Normandy Invaded Again in Final D-Day Salute
1K paratroopers dropped on beach as 70th anniversary winds down
By Newser Editors and Wire Services
Posted Jun 8, 2014 10:57 AM CDT
Paratroopers, watched by the crowd, are dropped from a US Air force Hercules C130, near Sainte Mere Eglise, western France, Sunday, June 8, 2014, as part of the 70th anniversary of D-Day.   (Remy de la Mauviniere)

(Newser) – Nearly 1,000 paratroopers dropped out of the sky in Normandy today—but this time they did so in peace, instead of to wrest western France from the Nazis as they did during World War II. Drawing huge crowds who braved hot weather and lined the historic landing area at La Fiere, the aerial spectacle re-enacted the drama of the Normandy landings and served to cap commemorations marking the 70th anniversary of D-Day. Among the planes ferrying paratroopers for the event was a restored C-47 US military transport plane that dropped Allied troops on the village of Sainte-Mere-Eglise—a stone's throw from La Fiere—on June 6, 1944. And the pilots who originally flew it took the controls again last week, 70 years later, remembering their experiences.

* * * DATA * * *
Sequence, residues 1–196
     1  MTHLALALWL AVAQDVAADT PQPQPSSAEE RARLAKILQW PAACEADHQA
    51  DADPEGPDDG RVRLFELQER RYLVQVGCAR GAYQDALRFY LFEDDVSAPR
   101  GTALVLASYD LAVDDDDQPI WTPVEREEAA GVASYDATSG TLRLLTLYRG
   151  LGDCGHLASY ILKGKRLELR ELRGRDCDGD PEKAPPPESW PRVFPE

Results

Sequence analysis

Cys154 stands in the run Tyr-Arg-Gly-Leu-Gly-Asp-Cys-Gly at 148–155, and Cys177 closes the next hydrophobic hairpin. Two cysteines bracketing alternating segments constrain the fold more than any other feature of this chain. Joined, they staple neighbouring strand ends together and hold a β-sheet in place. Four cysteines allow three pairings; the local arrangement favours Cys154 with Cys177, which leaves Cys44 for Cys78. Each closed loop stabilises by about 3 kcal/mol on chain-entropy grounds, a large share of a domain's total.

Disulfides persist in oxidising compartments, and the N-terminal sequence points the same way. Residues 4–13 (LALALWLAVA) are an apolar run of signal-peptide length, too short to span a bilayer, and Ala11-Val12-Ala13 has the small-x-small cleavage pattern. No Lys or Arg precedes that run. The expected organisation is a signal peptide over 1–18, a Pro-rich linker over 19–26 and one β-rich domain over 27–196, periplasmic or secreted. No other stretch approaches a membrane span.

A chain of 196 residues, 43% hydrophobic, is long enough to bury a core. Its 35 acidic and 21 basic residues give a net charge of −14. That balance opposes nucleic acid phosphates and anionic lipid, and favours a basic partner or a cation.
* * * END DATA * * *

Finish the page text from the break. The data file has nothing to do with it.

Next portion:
Today saw dozens of veterans escorted down a sandy path to a special section to watch the show alongside thousands of spectators—most of whom lined two sides of the field. Planes including the C-47 aircraft flew by loudly overhead several times, with two dozen military paratroopers—from countries including the US, Britain, France, and Germany—jumping with each passage. Veteran Julian "Bud" Rice, a C-47 pilot who participated in the airdrops on D-Day, wasn't entirely impressed. "It's good to see 800 paratroopers jump here today, but the night that we came in, we had 800 airplanes with 10,000 paratroopers that we dropped that night, so it was a little more," he said.

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Jun 8, 2014 1:55 PM CDT
When I turned 25 in 1985 I did a static line jump (where the chute opens automatically as soon as you jump, like with the paratroopers). Fortunately for me, no one was shooting at me at the time. You came down really hard in those old, round army chutes. Nothing like the rectangular chutes of today. These boys really were the greatest generation!